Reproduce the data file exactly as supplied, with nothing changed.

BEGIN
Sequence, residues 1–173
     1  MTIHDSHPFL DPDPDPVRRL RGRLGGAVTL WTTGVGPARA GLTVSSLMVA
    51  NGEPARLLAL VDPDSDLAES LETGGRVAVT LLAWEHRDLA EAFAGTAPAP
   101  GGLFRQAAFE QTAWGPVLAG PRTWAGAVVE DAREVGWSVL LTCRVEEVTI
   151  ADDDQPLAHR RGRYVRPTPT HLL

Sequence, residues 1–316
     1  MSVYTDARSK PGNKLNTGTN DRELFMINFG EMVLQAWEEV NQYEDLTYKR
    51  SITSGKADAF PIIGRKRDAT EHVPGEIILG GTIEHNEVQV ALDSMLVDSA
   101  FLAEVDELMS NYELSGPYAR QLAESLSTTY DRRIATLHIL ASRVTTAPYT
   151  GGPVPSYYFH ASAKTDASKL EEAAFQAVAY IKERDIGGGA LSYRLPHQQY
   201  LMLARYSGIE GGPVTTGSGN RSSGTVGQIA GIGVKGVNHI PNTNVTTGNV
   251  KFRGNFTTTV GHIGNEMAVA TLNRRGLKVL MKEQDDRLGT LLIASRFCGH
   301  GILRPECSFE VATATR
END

Sequence, residues 1–173
     1  MTIHDSHPFL DPDPDPVRRL RGRLGGAVTL WTTGVGPARA GLTVSSLMVA
    51  NGEPARLLAL VDPDSDLAES LETGGRVAVT LLAWEHRDLA EAFAGTAPAP
   101  GGLFRQAAFE QTAWGPVLAG PRTWAGAVVE DAREVGWSVL LTCRVEEVTI
   151  ADDDQPLAHR RGRYVRPTPT HLL

Sequence, residues 1–316
     1  MSVYTDARSK PGNKLNTGTN DRELFMINFG EMVLQAWEEV NQYEDLTYKR
    51  SITSGKADAF PIIGRKRDAT EHVPGEIILG GTIEHNEVQV ALDSMLVDSA
   101  FLAEVDELMS NYELSGPYAR QLAESLSTTY DRRIATLHIL ASRVTTAPYT
   151  GGPVPSYYFH ASAKTDASKL EEAAFQAVAY IKERDIGGGA LSYRLPHQQY
   201  LMLARYSGIE GGPVTTGSGN RSSGTVGQIA GIGVKGVNHI PNTNVTTGNV
   251  KFRGNFTTTV GHIGNEMAVA TLNRRGLKVL MKEQDDRLGT LLIASRFCGH
   301  GILRPECSFE VATATR